Stella Dimoko Nigerian Returnee Cries ''I Lost My Child,Mum And Business Whilst In Libya


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Wednesday, May 16, 2018

Nigerian Returnee Cries ''I Lost My Child,Mum And Business Whilst In Libya

“It has not been easy at all. I had a flourishing hairdressing business before I went to Libya. But, I have lost everything. I also lost my mother and my 11-year-old son, while I was away. When they could not connect with me, my mother died of heart attack, while my son died because there was nobody to take care of him. 

.......But, I thank God I came back alive. I will start all over again; I believe I will make it in Nigeria. No more going out of the country,” Naomi, 30, narrated her ordeal of the journey to Europe through Libya.

Naomi was participating in a reintegration training programme in Lagos sponsored by the European Union (EU) and International Organisation for Migration (IOM) in collaboration with the Federal Government of Nigeria. She and other participants shared their experiences about reintegrating to life in Nigeria after being deported.

Most Nigerians who embark on irregular migration to Europe imagine that their lives will be greatly improved once they reach their destinations. Unfortunately, the reality for most is vastly different. Many lose their lives during the journey. Those who do make it to their destination usually face all manners of difficulties and wish to return home, but end up feeling stranded and trapped in a foreign land. Others are summarily deported.

Like Naomi, many deported migrants had thriving businesses in Nigeria before they embarked on the journey, but left behind a solid livelihood for the promise of a better life that never materialized and often ending up penniless or in severe debt.

Once back in Nigeria, deported migrants often face additional frustrations and find it difficult to fit into communities they had chosen to leave in search of something better.

Thirty two-year-old Ubo from Akwa Ibom State said life had become so unbearable since he returned to Nigeria that he had even contemplated suicide.

“I came back on May 11, 2017, and since then life has been very tough. I was at the verge of committing suicide. I wanted to end it once and for all because I didn’t know where to start again. I came back with nothing; I lost everything,” he said.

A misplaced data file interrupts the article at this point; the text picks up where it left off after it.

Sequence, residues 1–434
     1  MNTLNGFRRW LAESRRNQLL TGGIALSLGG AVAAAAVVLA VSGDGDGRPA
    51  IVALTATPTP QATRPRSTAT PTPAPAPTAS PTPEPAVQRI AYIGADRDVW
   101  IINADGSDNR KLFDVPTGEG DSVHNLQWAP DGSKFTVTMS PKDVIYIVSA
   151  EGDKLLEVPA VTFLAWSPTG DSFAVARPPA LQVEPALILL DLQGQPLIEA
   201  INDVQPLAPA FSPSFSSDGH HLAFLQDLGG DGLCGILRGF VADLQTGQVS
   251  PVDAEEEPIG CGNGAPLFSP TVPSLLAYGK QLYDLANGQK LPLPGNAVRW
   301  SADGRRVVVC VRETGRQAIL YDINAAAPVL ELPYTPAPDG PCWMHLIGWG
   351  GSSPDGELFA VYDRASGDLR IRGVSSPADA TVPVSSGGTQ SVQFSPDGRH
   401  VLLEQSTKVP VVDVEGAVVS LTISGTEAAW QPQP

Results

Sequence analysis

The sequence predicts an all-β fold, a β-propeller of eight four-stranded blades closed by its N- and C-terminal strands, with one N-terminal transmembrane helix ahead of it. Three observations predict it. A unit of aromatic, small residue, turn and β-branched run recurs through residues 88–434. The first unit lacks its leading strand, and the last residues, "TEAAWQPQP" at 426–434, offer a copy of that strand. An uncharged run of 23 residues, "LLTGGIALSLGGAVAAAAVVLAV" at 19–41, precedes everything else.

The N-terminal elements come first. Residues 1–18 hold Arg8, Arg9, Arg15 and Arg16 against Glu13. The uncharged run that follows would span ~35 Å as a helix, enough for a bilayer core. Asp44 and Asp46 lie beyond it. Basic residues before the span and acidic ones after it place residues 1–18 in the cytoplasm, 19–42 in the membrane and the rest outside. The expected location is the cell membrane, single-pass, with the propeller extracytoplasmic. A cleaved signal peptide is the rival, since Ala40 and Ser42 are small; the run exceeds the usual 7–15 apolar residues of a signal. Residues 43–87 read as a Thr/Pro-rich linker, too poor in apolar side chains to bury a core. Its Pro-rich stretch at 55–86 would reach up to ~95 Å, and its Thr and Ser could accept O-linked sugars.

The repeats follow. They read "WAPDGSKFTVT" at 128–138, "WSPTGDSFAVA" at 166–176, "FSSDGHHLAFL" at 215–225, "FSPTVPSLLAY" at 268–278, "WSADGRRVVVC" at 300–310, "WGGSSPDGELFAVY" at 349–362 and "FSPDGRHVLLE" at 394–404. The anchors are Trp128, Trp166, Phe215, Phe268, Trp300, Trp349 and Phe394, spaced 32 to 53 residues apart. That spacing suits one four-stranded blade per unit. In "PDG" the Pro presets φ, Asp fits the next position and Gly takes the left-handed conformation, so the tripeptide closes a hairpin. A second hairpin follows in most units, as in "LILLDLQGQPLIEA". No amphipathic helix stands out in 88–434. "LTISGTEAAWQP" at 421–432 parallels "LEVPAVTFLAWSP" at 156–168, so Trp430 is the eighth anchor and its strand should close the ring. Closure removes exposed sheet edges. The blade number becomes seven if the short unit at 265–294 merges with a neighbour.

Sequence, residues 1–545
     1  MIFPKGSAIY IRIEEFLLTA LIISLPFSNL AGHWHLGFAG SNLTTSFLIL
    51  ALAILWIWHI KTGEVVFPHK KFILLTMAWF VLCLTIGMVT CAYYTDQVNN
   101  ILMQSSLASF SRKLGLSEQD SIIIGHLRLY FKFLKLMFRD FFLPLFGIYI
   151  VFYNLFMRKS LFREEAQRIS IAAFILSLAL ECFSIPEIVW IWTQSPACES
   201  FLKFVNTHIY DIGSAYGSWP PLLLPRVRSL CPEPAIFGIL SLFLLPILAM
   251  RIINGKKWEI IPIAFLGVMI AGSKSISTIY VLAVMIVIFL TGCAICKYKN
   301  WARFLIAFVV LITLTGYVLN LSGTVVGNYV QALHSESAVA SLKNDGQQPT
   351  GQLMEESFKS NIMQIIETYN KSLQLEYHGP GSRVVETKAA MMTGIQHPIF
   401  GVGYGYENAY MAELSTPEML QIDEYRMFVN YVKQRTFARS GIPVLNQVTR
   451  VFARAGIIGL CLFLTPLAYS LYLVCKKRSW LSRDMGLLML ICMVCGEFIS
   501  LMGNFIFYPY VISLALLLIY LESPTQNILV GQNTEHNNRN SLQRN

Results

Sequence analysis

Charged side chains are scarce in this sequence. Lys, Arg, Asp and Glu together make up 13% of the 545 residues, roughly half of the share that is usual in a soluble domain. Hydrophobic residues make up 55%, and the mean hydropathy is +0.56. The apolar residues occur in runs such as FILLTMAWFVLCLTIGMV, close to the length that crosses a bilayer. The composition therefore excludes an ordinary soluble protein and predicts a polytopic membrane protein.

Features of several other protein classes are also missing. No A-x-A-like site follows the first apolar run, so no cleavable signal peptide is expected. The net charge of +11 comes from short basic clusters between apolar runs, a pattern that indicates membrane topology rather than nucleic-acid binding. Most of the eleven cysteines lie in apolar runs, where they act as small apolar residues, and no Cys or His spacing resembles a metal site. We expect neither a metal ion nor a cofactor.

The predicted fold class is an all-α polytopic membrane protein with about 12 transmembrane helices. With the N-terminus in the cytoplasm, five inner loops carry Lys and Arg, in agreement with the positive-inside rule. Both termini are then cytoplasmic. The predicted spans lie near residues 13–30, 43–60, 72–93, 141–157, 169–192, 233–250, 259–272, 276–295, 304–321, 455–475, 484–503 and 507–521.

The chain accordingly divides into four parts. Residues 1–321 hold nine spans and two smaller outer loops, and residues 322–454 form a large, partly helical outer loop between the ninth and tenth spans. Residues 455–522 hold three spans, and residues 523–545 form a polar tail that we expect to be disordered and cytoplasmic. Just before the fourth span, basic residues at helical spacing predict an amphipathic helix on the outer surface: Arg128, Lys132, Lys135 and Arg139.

According to the IOM, over 8,000 Nigerians in Libya have voluntarily returned to home between January and May 2018 due to cases of inhuman treatments, human trafficking and slavery, rape and death.


  1. Such terrible heartbreaking pain

  2. I've not heard of anything coming out of this Libya for Nigerians and some will still put head there.
    They went in search of greener pastures but returned with more problems.

    Anonymous DYKM

    1. Exactly... I am yet to hear of good tales from Libya. Maybe the good tales belong to the past.

  3. Welcome back Naomi, no one knows what we went through there and to come back and face worse discrimination especially from family, everyday mockery and no one wants to help out, imagine my mother calling my Son a bastard, insisted I trade him for money and start afresh, am not glad I conceived via rape but giving away the boy can't heal the pain, I don't blame people considering suicide, it's what life put them through, have spent 6 months in Nigeria and it still fill like hell, no one loves me, my Son and I are lonely, but I know one day will come and I will be grateful I didn't give him away #stayawayfromlibya

    1. Sorry dear, it is well with you, why don't you start by looking for a menial job, then from there gather funds to start a little business, all the best

    2. I hope you know things will be fine soon? Stay strong for your son! Ignore negativity.

  4. Liya is not a place to go. Nigerians stay away from LIBYA ooooo!!!!! My eyes became pen after seeing that CNN report from Nima Elbagir.


  5. Road journey to Europe through Niger, Sahara Desert, Libya and the Mediterranean sea is deadly. For those who know the existence of all these evils and disasters yet still decide to go ahead with irregular migration, that is nothing but stupidity.

    For those who don't know, ignorance is still not an excuse.

    We all need to speak and discourage our loved ones from embarking on such deadly journey to Europe through the road. Libya is no man's/govt's land, anything and everything can happen there. Be wise!


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